by Ben Davies
A common feeling among graduates of language degree courses is one of uncertainty. Languages is a subject of study often chosen based on personal goals more than career-driven goals. Therefore, without proper planning before graduation, a languages graduate can come out of the course wondering what exactly they’re qualified to do.
This article will explore some of the possible careers, skills obtained by doing a languages degree, and options for further training. Don’t despair just yet – there are still many career options open to you!
What are my skills?
Before you consider your career choices, think first about your skills. Your degree has probably equipped you with at least the following skills, all of which are desirable in the modern jobseeker:
- Oral communication
- Written communication
- At least one foreign language
- Experience of living abroad
- Experience of dealing with people from various backgrounds, languages and countries
And, like most graduates, you can probably add the following skills to your list too:
- Able to work in a team
- Able to work independently
- IT skills
- Project management
- Presentation skills
Already you have a list of skills beyond just your linguistic ability that employers are looking for.
What jobs are available?
There are at least three obvious career choices that spring to mind when talking about languages: translating, interpreting and teaching. Before we explore these three ideas, consider the alternatives.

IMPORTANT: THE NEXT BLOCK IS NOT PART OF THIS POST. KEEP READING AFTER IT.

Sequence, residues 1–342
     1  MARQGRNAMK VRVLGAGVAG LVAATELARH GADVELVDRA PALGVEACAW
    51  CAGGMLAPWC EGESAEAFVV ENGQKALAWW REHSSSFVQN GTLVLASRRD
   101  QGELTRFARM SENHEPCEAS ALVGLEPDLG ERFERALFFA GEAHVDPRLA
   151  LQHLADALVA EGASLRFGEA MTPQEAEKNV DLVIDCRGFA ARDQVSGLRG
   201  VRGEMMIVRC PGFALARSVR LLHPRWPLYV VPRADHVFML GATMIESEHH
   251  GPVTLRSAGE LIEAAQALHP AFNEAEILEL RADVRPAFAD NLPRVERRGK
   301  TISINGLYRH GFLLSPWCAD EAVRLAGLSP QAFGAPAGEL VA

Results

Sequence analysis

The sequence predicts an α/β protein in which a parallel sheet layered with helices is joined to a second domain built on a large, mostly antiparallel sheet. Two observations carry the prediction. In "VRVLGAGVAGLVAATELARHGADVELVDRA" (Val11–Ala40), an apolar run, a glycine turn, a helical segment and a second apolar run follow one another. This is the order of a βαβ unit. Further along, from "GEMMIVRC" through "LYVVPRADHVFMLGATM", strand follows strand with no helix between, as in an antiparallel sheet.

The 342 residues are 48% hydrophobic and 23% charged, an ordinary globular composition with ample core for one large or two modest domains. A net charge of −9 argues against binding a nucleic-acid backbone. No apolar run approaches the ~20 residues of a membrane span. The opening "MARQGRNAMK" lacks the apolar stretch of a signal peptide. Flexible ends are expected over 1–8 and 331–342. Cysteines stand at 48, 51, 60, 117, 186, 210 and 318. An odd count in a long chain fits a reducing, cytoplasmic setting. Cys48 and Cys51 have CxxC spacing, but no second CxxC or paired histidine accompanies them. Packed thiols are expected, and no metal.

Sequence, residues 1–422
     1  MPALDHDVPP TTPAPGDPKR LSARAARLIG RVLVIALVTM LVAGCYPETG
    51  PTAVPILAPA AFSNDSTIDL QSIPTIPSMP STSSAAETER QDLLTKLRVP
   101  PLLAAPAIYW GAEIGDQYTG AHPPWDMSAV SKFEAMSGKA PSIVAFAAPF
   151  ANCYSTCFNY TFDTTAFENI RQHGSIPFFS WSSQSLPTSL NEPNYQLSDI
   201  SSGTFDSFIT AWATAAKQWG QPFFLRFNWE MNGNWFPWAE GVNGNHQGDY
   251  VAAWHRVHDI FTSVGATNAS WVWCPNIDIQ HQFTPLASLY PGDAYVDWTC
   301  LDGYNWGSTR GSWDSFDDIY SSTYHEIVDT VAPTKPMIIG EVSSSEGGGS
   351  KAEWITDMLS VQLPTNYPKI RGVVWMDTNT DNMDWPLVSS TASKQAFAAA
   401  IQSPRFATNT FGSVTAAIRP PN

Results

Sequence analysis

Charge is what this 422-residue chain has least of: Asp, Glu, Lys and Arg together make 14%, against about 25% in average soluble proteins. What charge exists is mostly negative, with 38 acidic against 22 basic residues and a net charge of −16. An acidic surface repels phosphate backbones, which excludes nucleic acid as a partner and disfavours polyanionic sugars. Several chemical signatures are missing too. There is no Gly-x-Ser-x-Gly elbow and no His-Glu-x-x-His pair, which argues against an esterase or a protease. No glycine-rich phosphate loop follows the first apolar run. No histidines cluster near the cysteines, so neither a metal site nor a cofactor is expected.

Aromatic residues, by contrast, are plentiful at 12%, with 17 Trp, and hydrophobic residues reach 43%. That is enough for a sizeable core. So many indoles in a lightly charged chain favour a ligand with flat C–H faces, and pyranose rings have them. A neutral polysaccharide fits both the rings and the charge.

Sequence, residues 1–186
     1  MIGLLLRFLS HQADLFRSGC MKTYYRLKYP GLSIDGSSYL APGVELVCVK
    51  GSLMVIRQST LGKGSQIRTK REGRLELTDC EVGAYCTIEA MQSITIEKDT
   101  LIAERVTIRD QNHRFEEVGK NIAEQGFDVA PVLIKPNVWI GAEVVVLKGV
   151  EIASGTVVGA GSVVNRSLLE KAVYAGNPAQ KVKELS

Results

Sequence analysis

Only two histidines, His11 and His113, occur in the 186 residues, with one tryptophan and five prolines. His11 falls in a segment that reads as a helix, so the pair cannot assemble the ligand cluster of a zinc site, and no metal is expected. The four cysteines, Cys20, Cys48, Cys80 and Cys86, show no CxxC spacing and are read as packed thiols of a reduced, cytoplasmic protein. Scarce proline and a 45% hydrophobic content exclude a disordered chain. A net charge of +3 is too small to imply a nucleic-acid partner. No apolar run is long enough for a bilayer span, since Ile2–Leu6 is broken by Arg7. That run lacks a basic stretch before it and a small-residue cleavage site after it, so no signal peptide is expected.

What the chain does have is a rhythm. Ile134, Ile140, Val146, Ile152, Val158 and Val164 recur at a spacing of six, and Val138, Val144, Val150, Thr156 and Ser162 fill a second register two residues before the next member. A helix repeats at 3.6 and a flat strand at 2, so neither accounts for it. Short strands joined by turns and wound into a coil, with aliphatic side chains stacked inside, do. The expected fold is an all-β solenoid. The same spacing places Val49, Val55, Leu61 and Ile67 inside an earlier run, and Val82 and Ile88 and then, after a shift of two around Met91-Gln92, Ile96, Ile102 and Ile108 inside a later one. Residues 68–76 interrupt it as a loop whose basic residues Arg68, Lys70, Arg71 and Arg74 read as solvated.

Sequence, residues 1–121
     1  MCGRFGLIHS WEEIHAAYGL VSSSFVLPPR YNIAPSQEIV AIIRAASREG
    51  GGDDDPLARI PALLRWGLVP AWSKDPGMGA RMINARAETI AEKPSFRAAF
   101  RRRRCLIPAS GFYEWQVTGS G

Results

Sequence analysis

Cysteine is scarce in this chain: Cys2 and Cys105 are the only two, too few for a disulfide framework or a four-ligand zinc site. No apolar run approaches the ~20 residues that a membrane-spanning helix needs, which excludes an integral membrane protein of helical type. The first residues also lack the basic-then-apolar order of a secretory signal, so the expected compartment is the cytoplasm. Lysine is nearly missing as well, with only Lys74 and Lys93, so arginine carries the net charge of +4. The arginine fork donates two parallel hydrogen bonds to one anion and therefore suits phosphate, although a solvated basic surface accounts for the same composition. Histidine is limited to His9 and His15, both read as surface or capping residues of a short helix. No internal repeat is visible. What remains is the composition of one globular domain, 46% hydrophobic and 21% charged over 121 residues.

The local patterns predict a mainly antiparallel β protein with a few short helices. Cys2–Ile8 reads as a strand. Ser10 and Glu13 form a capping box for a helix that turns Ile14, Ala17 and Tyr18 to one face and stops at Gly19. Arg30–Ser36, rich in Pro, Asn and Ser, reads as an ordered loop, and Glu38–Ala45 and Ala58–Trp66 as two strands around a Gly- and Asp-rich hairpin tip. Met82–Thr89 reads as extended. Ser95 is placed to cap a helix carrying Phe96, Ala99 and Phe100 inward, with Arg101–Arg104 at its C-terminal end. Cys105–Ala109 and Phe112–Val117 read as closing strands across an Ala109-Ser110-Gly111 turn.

Foreign languages are necessary in most sectors due to the proliferation of multinational businesses, internet-based companies, and the onset of globalisation.
Language jobs in HE
In the higher education sector, for example, foreign language skills are required in a variety of roles. There are, of course, lecturing and teaching posts in foreign language departments that demand multi-lingual proficiency. International Offices also require foreign language speakers. Consider the case study of this Welfare and Erasmus Assistant. Other roles involving international students, such as Events, Marketing, and even Accommodation, at times demand skills in foreign languages.
If you want something with a stronger business focus, there are positions such as Multilingual PA, Foreign Language Customer Service Representative and a variety of administration roles that require foreign language skills in a challenging environment.
There is a great demand for foreign language speakers in politics, media and journalism, creative writing, market research and a host of other industries. And we haven’t even mentioned the big three yet – Teaching, Translation, and Interpretation.
Teaching, translation, and interpretation
Teaching is a strong option for graduates of language degrees. There is a range of careers on offer in teaching. Whether it’s teaching in schools, further education colleges or universities, private language schools, or teaching abroad, you will have to use the language regularly and pass on your knowledge to learners.